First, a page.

Severe tensions arise. With lockdowns spreading across the country, ships are queuing outside Chinese ports and the country’s manufacturing and retail sectors have begun to contract. Retail sales fell 11% year-on-year in April, while industrial production fell 3%. Home sales in China also fell more last month than at the start of 2020, when its economy turned around, despite the People’s Bank of China easing monetary policy to encourage borrowing and spending. Unemployment increases.

Kevin Xie, senior economist for Asia at the Commonwealth Bank of Australia, said economic data from China in April was consistently disappointing. Although the outlook depends crucially on the spread of COVID-19, he adds, “decline in employment and weaker business and household confidence will dampen spending and bode poorly for the outlook for the economy.” growth”.

In the United States, the world’s other economic power, the economy is suffering from the legacy of the pandemic and, in particular, from excessive fiscal stimulus which has arguably overheated the economy and generated high inflation even with modest increases in energy prices. Along with a very tight labor market, the Fed was forced to concede a mistake and has now moved decisively into a phase of monetary policy tightening to slow growth and lower inflation.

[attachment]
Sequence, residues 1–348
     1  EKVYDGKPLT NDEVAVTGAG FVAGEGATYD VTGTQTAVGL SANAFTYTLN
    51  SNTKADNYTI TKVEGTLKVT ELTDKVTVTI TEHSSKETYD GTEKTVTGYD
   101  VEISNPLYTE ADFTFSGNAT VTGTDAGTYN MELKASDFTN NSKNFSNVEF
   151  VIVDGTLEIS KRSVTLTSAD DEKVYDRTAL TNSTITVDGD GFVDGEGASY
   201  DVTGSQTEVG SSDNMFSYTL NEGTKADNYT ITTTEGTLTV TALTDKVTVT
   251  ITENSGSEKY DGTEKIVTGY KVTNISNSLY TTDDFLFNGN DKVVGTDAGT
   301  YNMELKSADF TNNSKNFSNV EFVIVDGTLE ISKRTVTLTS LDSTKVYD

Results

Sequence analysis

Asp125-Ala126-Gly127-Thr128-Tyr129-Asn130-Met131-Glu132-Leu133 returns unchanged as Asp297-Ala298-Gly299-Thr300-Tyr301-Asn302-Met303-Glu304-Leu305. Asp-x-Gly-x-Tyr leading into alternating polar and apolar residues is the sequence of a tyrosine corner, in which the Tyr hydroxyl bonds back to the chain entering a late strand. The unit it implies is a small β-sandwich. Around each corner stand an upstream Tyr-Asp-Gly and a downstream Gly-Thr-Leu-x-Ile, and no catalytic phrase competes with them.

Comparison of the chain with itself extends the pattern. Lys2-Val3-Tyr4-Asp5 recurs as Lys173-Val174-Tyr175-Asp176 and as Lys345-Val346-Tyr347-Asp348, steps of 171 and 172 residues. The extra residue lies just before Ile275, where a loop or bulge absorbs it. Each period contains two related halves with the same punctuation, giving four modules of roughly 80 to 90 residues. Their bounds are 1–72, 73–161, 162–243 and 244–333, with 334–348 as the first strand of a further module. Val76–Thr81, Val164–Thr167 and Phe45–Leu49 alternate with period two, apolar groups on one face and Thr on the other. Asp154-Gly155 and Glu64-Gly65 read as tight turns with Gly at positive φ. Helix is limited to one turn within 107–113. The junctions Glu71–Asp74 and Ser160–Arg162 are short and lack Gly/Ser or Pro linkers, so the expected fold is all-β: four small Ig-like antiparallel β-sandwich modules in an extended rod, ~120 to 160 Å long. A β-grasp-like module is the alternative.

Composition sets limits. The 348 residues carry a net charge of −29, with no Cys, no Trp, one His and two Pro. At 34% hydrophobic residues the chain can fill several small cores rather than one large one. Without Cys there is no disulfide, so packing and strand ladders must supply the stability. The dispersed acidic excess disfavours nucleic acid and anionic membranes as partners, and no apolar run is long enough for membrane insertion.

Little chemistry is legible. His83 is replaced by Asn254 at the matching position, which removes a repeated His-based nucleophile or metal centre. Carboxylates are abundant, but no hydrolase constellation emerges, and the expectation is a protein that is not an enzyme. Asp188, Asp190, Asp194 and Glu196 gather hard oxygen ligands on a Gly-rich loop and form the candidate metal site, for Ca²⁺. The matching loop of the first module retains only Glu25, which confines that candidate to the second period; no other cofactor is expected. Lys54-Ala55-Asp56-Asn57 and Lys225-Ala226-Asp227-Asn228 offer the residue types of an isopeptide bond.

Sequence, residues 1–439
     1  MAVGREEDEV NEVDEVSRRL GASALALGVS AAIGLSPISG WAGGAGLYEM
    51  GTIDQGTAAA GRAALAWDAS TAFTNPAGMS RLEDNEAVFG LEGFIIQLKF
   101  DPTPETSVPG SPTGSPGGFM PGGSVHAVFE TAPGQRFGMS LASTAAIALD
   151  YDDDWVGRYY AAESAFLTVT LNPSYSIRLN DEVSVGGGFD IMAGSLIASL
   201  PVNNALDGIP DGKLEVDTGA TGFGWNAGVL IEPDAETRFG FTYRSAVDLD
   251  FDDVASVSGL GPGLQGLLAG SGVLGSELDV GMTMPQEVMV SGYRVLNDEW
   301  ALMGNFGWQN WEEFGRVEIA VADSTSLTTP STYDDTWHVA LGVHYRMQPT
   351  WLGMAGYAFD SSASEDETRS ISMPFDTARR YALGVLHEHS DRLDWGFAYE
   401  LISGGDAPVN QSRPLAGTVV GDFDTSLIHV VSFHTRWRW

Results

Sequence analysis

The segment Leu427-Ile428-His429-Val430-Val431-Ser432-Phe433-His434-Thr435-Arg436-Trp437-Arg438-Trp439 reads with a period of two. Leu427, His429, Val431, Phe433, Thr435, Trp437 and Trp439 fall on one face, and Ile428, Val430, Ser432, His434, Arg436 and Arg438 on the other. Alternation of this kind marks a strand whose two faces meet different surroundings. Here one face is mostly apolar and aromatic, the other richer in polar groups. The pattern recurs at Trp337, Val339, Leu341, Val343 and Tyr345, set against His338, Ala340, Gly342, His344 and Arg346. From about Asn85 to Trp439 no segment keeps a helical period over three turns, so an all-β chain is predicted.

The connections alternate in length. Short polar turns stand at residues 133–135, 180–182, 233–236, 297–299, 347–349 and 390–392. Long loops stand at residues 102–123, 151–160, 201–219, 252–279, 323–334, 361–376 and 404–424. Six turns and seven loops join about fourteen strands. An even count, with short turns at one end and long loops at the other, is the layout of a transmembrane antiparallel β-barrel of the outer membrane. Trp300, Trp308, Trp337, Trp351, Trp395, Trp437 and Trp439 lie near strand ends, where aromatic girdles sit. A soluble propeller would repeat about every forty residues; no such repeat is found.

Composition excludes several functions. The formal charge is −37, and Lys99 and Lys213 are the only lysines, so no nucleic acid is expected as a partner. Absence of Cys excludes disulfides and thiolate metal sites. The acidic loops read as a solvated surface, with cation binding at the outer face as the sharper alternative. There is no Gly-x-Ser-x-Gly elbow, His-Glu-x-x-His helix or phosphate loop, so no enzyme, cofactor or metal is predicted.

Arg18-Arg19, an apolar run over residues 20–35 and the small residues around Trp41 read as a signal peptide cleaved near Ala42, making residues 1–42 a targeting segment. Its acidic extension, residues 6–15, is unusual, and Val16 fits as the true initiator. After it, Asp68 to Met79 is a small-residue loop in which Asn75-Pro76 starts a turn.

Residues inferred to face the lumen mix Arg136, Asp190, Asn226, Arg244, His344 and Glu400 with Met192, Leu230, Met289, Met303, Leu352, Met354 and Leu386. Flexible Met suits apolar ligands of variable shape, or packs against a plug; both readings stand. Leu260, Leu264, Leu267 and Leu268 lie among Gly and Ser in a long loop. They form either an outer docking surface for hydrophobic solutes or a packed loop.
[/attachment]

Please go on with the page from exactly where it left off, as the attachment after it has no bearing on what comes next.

A Russian soldier guards a destroyed steel mill in the Ukrainian port city of Mariupol. PA

Fed Chairman Jay Powell was very clear last week that the central bank would continue to raise interest rates until it sees “clear and convincing” evidence that inflation returned to the 2% target. He was not worried about unemployment rising “a few ticks” from the current low of 3.6%.

Powell added that he was aiming for a soft landing for the economy, but many in financial markets believe that could be difficult to achieve. Krishna Guha, vice president of Evercore ISI, warns that there is a much higher than normal risk that harsh rhetoric from officials, economists and market participants will become a self-fulfilling prophecy and generate a downturn.